The decision whether or not to keep a world’s fair pavilion says a lot. It shows some kind of willingness to integrate it into our daily lives. When we do decide to keep it, it should not be modified; on the contrary, it should be restored to its former glory. This was also the basic idea of CONIX RDBM.
Source: vzw Atomium
The aim of this renovation project was to enhance and underline its contemporary ambitions. The renovated iron molecule is a shining example of how a new ‘skin’ has rejuvenated every sphere. This rejuvenation had to be reflected in the internal spaces as well, to bring back the Atomium’s bygone charm. By studying the original documents and plans, CONIX RDBM pinpointed the purity of the spheres’ design and recreated the atmosphere it had to evoke. This was done in the least intrusive way possible: covering the interior with galvanised steel and the exterior with stainless steel.
We enlarged the site by transforming the existing roundabout into a large square, offering visitors the chance to admire the Atomium from underneath and view it from different angles. This new esplanade follows the natural slope of the Boulevard du Centenaire and offers the visitor a new experience when entering the site.
The ‘galette’ was completely emptied out and opened up, so we designed a new pavilion at the base of the monument. Skilfully integrated into its surroundings, it adds an extra dimension to this exciting landmark construction. It welcomes, orientates, links and sets the scene. The pavilion nowadays houses the ticket desk, the shop, public sanitary facilities and several service rooms.
The same goes for the interior. Less is more and significant interventions were kept to a minimum. Great care was taken to retain the 1950s design. Original documents were consulted in an effort to return to the former purity of the design, and to regain and express the authentic atmosphere. The load-bearing frame, painted in muted grey, is not hidden behind cladding.
Source: vzw Atomium
What challenges did you face adapting an iconic and highly recognisable building such as this to meet modern requirements?
Over time the aluminium skin lost its sheen, steel components began to rust and joints started leaking. The wrong cleaning materials, a lack of corrosion protection and damaging environmental influences such as air pollution, pigeon droppings and storms hastened its deterioration. A new skin had to be ‘installed’.
Designing and fitting the spheres’ new skin presented a specific challenge to the engineers and contractors. The overall look of the structure and its original segmentation were to remain unchanged. Forty-eight large triangular panels, instead of the 720 which had been used in 1958, were prefabricated for each sphere. The 48 triangular panels of each sphere were divided into 15 smaller ones by false joints to create the same look as the original cladding. When installed, the lines between the triangular sandwich panels form meridians, which wrap around the spheres.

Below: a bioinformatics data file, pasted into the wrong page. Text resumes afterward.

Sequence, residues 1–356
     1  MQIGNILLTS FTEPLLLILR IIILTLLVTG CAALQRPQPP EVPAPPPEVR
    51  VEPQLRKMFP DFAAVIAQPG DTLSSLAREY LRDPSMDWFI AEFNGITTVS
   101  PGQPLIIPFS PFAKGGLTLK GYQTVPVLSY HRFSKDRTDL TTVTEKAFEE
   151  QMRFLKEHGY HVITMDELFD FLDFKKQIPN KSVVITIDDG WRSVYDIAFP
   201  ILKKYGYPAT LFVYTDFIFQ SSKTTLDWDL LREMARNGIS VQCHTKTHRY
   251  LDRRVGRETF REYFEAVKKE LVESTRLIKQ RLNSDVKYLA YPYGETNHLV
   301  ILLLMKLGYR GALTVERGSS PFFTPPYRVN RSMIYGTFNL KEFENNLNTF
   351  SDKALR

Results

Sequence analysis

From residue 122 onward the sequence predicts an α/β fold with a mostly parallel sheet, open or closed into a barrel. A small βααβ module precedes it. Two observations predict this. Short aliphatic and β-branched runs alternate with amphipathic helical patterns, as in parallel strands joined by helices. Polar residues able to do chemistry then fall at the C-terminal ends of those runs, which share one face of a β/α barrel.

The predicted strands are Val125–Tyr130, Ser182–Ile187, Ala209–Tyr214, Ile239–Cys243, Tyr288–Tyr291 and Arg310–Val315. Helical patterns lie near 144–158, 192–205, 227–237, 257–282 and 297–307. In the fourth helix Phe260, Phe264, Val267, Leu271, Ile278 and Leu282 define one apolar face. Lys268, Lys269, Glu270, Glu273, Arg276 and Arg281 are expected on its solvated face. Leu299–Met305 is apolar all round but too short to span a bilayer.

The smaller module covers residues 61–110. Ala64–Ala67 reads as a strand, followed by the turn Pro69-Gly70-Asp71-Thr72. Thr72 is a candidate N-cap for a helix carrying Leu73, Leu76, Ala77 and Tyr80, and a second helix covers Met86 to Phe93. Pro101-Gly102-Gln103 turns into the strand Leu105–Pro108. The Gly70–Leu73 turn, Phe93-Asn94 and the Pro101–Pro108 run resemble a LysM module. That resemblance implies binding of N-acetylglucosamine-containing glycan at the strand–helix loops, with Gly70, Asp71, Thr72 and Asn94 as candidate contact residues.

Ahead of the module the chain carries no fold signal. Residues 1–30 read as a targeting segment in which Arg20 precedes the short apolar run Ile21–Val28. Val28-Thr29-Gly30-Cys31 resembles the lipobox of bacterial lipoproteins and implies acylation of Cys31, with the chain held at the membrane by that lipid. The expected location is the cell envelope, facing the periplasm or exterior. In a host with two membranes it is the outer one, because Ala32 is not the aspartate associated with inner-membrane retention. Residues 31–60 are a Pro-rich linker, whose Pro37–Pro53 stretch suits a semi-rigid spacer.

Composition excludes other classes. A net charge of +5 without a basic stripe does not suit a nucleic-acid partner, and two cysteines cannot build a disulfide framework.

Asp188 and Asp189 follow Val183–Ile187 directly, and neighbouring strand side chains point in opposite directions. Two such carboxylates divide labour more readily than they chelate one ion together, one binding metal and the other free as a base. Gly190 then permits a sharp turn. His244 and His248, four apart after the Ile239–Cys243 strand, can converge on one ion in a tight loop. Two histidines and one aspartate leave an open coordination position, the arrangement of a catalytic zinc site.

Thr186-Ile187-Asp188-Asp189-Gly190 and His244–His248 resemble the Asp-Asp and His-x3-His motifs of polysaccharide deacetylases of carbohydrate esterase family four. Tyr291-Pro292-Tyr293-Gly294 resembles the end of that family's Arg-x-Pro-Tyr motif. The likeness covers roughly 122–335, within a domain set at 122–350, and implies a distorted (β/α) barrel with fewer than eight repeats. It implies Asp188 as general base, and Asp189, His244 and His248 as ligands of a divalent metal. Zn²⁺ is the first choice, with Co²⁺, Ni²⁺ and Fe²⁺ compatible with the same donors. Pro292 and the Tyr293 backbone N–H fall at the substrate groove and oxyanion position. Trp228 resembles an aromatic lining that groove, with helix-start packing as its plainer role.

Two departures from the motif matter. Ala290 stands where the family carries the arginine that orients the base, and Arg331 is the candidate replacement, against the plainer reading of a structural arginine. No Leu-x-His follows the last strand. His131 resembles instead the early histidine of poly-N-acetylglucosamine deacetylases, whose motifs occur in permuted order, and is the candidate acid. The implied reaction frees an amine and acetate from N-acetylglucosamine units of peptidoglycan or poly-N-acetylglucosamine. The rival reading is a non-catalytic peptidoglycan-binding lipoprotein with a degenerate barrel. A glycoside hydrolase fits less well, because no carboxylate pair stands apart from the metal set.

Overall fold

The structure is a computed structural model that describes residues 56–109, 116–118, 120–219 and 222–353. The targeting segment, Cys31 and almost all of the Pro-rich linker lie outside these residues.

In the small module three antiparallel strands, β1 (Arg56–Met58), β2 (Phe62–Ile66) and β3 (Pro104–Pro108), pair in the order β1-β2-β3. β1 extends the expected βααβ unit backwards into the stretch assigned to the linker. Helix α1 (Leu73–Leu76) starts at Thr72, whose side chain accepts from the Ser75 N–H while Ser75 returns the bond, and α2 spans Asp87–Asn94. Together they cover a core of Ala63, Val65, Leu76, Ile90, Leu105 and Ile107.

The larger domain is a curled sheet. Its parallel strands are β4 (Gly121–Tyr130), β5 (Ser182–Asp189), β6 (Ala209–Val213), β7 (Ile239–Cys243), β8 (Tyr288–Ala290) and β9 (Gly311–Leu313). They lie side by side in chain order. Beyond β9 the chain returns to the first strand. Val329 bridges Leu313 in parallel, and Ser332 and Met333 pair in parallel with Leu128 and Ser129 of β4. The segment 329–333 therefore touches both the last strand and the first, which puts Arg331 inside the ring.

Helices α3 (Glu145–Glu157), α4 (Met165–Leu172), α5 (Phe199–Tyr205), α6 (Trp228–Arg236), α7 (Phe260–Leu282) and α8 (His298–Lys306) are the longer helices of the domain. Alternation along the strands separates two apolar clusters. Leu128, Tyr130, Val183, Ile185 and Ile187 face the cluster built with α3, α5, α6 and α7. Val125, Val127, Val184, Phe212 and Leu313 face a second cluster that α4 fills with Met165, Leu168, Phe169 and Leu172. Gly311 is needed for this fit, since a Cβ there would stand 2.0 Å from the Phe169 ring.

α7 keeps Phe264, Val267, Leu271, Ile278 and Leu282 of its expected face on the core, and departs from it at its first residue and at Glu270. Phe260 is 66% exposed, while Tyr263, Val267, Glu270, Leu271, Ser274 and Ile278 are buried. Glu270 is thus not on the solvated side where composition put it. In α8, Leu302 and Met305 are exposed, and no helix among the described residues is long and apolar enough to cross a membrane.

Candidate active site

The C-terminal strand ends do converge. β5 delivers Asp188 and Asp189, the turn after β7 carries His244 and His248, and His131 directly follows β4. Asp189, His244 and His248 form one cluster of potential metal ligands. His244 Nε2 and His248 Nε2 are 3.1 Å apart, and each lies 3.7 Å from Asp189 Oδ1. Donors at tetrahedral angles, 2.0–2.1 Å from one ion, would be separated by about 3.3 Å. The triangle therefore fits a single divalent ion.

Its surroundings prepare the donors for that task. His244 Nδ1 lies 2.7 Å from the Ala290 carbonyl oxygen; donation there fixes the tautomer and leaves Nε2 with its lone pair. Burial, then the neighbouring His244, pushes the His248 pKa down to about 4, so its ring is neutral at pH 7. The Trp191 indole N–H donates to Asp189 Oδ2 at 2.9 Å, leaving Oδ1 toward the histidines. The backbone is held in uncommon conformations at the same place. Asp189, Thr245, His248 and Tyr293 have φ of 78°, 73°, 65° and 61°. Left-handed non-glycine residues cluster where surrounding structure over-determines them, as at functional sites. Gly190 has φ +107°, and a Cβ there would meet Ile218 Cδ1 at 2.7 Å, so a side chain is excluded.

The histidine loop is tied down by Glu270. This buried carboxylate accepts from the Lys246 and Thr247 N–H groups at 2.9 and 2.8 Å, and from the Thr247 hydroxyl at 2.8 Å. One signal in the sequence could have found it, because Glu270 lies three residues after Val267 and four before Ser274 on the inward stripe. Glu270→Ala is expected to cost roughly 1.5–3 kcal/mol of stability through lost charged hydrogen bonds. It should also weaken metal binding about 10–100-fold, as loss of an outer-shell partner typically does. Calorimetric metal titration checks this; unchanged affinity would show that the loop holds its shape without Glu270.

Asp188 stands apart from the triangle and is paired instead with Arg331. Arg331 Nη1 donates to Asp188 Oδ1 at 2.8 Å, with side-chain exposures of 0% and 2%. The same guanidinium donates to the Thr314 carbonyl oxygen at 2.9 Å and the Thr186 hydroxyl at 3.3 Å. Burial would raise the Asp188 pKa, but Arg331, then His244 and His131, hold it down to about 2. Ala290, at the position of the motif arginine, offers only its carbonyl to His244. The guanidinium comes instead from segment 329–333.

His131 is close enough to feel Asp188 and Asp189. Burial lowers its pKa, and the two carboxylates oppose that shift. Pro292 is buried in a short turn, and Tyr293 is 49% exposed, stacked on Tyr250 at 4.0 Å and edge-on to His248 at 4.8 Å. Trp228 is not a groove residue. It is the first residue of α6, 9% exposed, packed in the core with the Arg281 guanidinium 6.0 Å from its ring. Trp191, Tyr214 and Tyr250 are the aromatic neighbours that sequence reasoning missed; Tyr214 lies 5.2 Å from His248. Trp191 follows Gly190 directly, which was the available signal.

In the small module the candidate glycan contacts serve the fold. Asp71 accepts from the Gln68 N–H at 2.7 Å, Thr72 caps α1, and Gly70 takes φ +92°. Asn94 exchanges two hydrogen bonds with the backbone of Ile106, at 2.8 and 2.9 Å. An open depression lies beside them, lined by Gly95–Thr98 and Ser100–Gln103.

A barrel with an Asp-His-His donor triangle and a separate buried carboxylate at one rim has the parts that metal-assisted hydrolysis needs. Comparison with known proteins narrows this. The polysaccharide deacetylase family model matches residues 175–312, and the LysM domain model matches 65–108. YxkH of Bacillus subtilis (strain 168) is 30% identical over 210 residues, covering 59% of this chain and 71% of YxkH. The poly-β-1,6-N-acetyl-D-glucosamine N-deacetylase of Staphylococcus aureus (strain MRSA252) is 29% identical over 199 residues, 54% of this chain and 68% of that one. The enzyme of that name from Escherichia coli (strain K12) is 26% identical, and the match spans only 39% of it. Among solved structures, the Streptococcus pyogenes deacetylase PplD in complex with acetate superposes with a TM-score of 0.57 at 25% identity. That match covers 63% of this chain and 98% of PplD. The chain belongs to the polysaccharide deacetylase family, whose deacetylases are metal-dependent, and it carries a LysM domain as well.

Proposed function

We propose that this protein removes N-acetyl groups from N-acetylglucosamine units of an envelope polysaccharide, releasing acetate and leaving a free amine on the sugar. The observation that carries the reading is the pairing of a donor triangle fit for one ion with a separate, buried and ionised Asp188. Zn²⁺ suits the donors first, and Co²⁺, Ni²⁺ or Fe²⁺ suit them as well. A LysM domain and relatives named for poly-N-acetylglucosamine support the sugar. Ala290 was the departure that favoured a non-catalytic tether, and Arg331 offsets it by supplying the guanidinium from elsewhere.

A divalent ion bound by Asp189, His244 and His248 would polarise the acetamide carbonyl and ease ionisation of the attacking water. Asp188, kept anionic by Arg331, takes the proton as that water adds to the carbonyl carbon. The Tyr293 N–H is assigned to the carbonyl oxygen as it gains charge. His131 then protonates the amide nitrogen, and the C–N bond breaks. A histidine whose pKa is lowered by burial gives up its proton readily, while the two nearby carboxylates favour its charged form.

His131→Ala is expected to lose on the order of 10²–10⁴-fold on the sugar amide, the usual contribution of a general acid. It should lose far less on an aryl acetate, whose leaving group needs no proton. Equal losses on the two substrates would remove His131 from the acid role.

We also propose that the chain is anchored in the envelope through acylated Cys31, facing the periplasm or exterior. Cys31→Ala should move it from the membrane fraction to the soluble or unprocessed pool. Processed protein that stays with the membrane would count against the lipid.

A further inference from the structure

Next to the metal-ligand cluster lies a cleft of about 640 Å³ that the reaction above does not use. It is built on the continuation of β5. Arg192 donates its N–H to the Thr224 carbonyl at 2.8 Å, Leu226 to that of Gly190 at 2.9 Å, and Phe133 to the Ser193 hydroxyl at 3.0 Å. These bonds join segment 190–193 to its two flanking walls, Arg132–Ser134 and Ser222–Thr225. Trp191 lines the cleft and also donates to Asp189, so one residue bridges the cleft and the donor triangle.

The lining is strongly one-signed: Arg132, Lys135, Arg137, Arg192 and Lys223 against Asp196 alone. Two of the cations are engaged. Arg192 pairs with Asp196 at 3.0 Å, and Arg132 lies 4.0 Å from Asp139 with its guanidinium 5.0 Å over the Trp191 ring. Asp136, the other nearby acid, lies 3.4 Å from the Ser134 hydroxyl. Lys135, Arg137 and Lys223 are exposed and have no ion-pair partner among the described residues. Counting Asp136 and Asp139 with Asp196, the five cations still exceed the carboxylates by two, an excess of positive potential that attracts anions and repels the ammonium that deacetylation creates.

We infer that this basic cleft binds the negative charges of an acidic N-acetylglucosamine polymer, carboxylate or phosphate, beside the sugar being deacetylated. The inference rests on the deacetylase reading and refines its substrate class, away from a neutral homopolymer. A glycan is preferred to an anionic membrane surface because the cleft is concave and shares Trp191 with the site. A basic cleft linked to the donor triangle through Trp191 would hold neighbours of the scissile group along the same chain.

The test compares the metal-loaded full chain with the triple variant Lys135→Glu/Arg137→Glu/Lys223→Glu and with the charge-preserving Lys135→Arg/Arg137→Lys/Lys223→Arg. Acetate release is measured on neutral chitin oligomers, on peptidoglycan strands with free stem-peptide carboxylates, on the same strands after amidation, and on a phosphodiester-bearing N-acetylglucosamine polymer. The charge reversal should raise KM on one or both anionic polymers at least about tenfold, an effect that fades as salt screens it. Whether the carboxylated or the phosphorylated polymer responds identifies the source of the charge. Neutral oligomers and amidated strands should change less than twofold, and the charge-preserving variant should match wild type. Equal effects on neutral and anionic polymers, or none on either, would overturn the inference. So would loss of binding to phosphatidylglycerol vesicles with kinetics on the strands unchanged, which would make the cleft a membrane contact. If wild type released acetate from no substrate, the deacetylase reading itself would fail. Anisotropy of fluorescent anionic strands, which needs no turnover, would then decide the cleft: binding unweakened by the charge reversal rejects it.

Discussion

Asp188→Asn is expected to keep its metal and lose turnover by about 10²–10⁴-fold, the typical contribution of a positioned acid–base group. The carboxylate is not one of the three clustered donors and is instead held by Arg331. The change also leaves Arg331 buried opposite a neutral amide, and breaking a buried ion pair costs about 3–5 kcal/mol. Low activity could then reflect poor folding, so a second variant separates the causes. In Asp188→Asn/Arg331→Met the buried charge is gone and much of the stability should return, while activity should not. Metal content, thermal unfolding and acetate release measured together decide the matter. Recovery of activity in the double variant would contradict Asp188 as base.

The original aluminium panels were removed and the steel frame of the Atomium was sandblasted and painted, with over 50,000 square metres of steel to treat. The old panels were for sale to sponsor the renovation. The spacing between the skin and the load-bearing steel frame needed to be maintained. Nevertheless, the renovated structure would have to meet rigid contemporary standards of thermal, sound and fire insulation.
Eventually the fitting of the new cladding could start. To dispense with any complicated scaffolding, the panels for the upper halves of the spheres were hoisted into place by means of cranes; those for the lower halves were brought into position using cables. Each triangular panel has a surface area of approximately 16 square metres and weighs about 480kg. Teams of workers, suspended on ropes, attached the panels to the steel frame.
Source: vzw Atomium
What would be the best option to save the New York State Pavilion?
Just as the Atomium, the New York State Pavilion should be used as a reminder of the 1964-5 World’s Fair. It’s part of the architectural and cultural heritage. It can good be an idea to ‘give the project to the people’. A lot of great things can happen when people from different fields come together and co-create. It’s a great place to organise events and concerts, for instance. In this way it can be reused without much interference.
After thorough investigation it could also be that the existing structures could be used for a new building or destination. Old and new coming together in one piece. Or, it can also be part of a newly built development adjacent to the pavilion.
Incidentally, the fact that the government is having trouble reusing the pavilion clearly shows the need for more durable pavilions in the future. They should be composed of a structure which is easy to build, disassemble and recycle. That’s what we did for the Belgium pavilion during the World Expo in Shanghai in 2010. The building was reused at another location for another purpose but with the same materials.
Source: Motohiko Tokuriki